beware, there be spoilers: Galapagos

As the end of the year approaches, I’m also getting close to the end of the novels of Vonnegut.  But there is still the non-fiction and the short stories, and so I’m fairly sure that I won’t finish all of Vonnegut in 2018.  We’ll see though how far I can get.

Galapagos has some interesting features.  It purportedly takes place (exactly) a million years in the future, though most of the story is told as a flashback by the narrator.  The narrator is Leon Trotsky Trout, the son of an oft-appearing character in Vonnegut’s novels, the science fiction writer Kilgore Trout.  Actually, the narrator is Leon Trout’s ghost, who was bound to the Bahia de Darwin, the ship that shipwrecked on the (fictional) island of Santa Rosalia in the Galapagos archipelago, and a ship on which he had died during its construction.

It’s a good read, and one of the main directions of speculation undertaken by our narrator is the extent to which humanity’s big brains are the cause of all of our ills.

This comes through clearly in quotes such as ‘That, in my opinion, was the most diabolical aspect of those old-time big brains.  They would tell their owners, in effect, ‘Here is a crazy thing we could actually do, probably, but we would never do it, of course.  It’s just fun to think about.’ ‘  This quote is taken from Chapter 9 of Book 2, wherein Leon is musing about his observation that once we had a crazy idea that was possible, that idea would then drive us mad until we undertook it.

I have to admit that this particular line of reasoning does strike a chord at the moment, given the politics in play in the UK regarding Brexit, which seems to fall into this category of ideas that are simply mad, given the harm and damage that will result even in the most optimistic of scenarios, but are nonetheless idea that has come to transfix a nation.

But enough of politics.  One thing I did note in my reading is that Leon Trout is remarkably sane for a narrator that has been watching the last vestige of humanity live out their lives on one small island.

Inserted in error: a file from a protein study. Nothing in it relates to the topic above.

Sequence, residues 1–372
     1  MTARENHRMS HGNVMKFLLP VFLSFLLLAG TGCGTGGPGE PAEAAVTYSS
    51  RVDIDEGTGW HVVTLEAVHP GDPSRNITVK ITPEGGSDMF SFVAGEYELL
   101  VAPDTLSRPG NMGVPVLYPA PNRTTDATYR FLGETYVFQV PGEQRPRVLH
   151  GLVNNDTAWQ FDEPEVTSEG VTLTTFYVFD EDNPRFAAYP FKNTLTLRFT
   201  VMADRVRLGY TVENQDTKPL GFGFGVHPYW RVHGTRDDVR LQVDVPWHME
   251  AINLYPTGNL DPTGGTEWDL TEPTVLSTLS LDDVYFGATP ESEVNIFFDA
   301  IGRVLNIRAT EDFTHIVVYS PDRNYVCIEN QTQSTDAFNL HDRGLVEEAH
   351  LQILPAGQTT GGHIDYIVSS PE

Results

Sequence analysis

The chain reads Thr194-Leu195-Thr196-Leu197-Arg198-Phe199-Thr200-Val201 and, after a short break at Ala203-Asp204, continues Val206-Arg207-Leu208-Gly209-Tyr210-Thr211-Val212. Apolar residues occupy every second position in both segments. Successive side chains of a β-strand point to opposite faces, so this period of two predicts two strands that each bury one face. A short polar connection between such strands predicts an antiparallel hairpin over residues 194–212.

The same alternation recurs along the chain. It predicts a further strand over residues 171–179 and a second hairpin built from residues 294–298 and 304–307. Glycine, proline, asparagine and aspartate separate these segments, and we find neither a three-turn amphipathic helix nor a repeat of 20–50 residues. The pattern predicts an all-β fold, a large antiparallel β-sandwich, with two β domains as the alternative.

Ah yes, I forgot to mention to apocalyptic nature of this particular novel.  Human civilization collapses under the stress caused by two separate and as far as I can tell, unconnected events.  One is the realization that money in its current incarnation, as a fiat currency unsupported by a physical underpinning such as gold (my reading, not something explicitly mentioned in the novel), is just an illusion and the world then suffers an economic meltdown the likes of which we have never seen.

The other is a fertility crisis, namely a bacterium that devours human eggs and thereby renders reproduction impossible, except for the isolated inhabitants of Santa Rosalia.  Neither of these apocalypses are explored in any significant detail, though the latter apocalypse of a (generalized) fertility crisis, has shown up in other setting such as Children of Men (though I don’t see an explicit connection between this and Vonnegut).  And economic dystopia are becoming a standard setting for fascinating reads.

So yes, I suppose I want more apocalypse, but that was not to be.  That wasn’t the book I was reading.  I have a chance of finishing the last 3 novels this year and then the rest during January, at which point I can properly begin the reading project for 2019.  But more on that later.

~ by Jim Anderson on 21 December 2018.

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